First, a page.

There is controversy regarding belly and long putters. A lot of golfers, including Tiger Woods, think any putter longer than a conventional one should be banned. Their argument is that golf was intended to be played with hands, not with a club anchored to the body so the business end can swing as a pendulum.
A conventional putter is generally 30 to 36 inches long. A belly putter is 41 to 44 inches. And a long putter is 48 to 52 inches.
Belly and long putters are especially popular with recreational golfers who suffer from the "yips" (a nerve-related inability to make short putts because they lack a smooth putting stroke) or are prone to be "handsy" (too much wrist action).
Keep it conventional
Conventional putters are what golfers used for centuries.
Stephanie Malone, assistant pro at Broadmoor Golf Club who used her short-game skills to reach the finals of the 1990 U.S. Women's Amateur, recommends that extra-length putters be viewed as a "last resort."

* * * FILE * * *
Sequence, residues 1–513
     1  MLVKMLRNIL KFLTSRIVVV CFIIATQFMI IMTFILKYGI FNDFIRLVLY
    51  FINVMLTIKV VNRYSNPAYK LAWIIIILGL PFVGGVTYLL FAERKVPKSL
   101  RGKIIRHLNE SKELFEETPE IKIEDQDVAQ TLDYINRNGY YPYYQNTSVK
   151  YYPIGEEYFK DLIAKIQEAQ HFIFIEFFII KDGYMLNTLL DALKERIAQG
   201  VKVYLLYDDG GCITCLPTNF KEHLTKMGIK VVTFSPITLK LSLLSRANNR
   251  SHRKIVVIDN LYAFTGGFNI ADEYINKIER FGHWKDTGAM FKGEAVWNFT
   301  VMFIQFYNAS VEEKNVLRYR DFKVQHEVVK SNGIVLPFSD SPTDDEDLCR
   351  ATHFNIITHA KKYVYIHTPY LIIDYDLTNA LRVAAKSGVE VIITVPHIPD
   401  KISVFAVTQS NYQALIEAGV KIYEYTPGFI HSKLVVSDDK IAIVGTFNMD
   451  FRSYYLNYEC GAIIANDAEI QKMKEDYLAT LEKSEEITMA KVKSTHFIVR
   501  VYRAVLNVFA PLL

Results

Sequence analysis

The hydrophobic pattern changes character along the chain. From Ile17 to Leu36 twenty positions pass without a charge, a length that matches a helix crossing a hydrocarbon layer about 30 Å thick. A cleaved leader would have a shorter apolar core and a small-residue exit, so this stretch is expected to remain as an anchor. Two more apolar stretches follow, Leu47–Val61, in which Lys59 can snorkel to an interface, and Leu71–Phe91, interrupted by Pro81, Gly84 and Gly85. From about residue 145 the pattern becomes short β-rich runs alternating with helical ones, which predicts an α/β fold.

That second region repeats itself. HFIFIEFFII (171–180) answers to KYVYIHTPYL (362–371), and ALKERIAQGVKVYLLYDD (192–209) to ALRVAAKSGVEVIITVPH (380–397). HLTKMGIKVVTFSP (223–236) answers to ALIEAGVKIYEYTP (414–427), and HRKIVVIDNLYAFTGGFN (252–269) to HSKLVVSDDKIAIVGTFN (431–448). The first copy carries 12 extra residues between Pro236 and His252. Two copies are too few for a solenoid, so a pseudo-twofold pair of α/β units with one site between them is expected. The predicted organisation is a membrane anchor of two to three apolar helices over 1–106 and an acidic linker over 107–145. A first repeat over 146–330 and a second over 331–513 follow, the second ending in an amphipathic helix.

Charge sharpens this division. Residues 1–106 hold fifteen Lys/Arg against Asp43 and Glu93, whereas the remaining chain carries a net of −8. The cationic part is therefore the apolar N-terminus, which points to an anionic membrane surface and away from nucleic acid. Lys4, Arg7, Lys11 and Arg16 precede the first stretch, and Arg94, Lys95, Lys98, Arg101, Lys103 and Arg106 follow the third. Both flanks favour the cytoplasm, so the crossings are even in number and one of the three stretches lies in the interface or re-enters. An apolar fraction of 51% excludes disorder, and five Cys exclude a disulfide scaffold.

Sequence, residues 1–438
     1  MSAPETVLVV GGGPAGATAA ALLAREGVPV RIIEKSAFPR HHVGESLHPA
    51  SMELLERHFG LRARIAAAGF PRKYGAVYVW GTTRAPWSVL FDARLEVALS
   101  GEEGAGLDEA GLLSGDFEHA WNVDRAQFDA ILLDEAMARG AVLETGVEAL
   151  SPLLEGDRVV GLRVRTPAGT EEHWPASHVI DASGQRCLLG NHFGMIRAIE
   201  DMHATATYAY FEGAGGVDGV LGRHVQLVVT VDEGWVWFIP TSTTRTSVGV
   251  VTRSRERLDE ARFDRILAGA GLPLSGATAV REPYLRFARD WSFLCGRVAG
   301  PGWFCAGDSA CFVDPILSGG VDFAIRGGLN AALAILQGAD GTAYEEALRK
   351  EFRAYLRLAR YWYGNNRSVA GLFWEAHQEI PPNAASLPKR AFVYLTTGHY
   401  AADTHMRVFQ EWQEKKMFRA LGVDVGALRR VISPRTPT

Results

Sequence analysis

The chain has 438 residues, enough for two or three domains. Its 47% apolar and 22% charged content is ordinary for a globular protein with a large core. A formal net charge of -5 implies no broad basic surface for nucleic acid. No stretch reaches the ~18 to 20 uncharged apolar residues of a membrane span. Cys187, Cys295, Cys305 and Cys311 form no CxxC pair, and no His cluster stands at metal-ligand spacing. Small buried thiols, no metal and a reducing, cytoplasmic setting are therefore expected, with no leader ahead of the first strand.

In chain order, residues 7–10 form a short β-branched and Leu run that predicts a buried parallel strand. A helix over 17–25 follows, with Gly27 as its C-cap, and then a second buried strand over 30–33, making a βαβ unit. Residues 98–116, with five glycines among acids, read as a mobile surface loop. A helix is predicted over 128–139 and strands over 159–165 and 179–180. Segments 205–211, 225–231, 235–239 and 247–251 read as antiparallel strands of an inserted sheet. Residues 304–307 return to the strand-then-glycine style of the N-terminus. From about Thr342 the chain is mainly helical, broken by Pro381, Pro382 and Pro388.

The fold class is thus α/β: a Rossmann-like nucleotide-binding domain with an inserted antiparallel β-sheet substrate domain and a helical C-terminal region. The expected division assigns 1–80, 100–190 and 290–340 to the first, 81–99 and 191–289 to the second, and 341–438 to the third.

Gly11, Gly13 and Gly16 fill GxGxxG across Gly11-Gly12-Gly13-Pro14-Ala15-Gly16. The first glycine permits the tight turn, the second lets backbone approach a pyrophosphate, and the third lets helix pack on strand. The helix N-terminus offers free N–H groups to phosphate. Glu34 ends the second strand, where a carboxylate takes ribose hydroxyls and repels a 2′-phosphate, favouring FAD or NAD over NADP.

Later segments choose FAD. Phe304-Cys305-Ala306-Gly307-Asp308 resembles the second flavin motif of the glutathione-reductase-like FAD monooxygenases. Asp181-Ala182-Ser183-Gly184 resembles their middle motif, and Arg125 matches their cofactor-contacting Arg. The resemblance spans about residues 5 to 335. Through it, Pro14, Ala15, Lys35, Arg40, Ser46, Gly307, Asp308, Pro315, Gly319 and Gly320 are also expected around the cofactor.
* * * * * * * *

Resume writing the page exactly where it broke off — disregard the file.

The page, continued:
Malone suggests that golfers experiment with different putting grips before abandoning conventional putters.
"Try reversing your grip — for a right-handed golfer, the left hand will be low," she said. "This stabilizes the wrists and promotes a more rhythmic stroke, two elements of putting that often break down for those struggling on the greens. A thicker grip can also help as it keeps the hands quieter. If your misses are inconsistent, you may benefit from a heavier putter, one that allows you to feel the head. Putting is, after all, about feel and confidence."
A heavy putter is about twice the weight of a regular putter. It's easier to have a good pendulum stroke and good tempo with a heavy putter because the club does a lot of the work on its own. The heavy putter has advantages on short putts, but distance-control problems are common.
"An easier way to putt"
The belly putter is anchored into the golfer's stomach, about an inch or so to the target side of the belly button, and that anchor becomes the fulcrum for the swing. The putter is gripped with both hands in the grip of the golfer's choice and the club swings like a pendulum. Wrist action is easier to control and the golfer automatically is in what is considered by many pros to be a perfect putting position. The result is a more consistent swing.